sainsbury's ad

The number of complaints against food & drink advertisers has halved, despite the ASA receiving its highest ever number of overall complaints in 2014.

Food and drink advertising attracted 2,013 complaints last year, down 50% on 2013, although the number of investigations launched (967) crept up by 2%. The number of complaints about alcohol adverts also fell by 51% to 187.

The ASA said the exact reason for the dramatic reduction was unknown, but the amount of “tit for tat” action from rival companies was significantly down following the introduction of the competitor complaints policy. Under the rules introduced in 2011, a competitor must first try to resolve an issue with the advertiser before turning to the ASA.

“There’s been a noticeable difference in the number of competitor complaints we receive,” said an ASA spokesman. “That’s good for the advertising industry, good for us and good for consumers.”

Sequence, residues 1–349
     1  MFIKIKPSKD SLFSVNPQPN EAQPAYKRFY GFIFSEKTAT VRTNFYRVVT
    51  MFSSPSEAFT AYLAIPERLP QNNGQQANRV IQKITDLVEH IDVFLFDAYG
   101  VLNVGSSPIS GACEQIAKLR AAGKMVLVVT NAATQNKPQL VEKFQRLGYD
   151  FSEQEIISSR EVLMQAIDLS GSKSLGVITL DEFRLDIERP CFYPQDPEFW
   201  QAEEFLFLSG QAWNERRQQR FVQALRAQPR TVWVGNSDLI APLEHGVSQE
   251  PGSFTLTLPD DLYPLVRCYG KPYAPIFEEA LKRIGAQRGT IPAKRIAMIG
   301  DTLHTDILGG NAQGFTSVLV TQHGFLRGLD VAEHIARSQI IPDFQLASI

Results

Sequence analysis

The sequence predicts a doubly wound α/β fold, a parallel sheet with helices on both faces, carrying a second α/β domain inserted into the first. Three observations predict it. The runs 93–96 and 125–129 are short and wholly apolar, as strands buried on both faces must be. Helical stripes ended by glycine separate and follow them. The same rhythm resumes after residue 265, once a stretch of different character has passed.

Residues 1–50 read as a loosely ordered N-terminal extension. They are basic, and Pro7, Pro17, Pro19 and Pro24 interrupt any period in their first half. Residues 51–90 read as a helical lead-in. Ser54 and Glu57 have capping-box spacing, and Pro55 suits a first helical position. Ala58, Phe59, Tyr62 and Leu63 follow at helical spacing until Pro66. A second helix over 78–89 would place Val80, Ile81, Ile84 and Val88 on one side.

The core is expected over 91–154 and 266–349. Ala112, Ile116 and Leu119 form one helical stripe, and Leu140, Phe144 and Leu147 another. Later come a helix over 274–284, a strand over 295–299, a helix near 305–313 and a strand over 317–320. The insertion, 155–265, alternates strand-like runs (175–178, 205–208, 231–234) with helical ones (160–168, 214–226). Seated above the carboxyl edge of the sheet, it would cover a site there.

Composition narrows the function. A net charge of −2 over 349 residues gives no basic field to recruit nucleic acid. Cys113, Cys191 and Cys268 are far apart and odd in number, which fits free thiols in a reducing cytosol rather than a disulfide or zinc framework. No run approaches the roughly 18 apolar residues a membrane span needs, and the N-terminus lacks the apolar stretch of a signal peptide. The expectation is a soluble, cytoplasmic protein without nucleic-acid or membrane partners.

Sainsbury’s controversial Christmas TV advert attracted 800 complaints. Lauded as a masterpiece of cinematography, the four-minute film that recreated the WWI Christmas Day battlefield truce was heavily criticised for its exploitation of war for commercial gains.

The ASA report revealed the number of complaints about the ad led it to implement its new policy for dealing with seasonal and other major event adverts. Under the policy, the ASA can prioritise certain complaints in order to deliver a “timely and relevant decision”. The body delivered its verdict not to uphold the complaints against Sainsbury’s within three weeks of it first airing.

Separately, the report highlighted an unsuccessful appeal to the High Court by Sainsbury’s. The supermarket had asked the court to overrule an ASA decision not to uphold a complaint about Tesco’s price comparison advertising. The case was dismissed in November 2014, which the ASA said was an indication that the court would not “readily interfere with the regulator’s decision-making in this area.

The ASA also used the report to promise to remain vigilant to ensure the new rules around the advertising of e-cigarettes remained “fit for purpose”.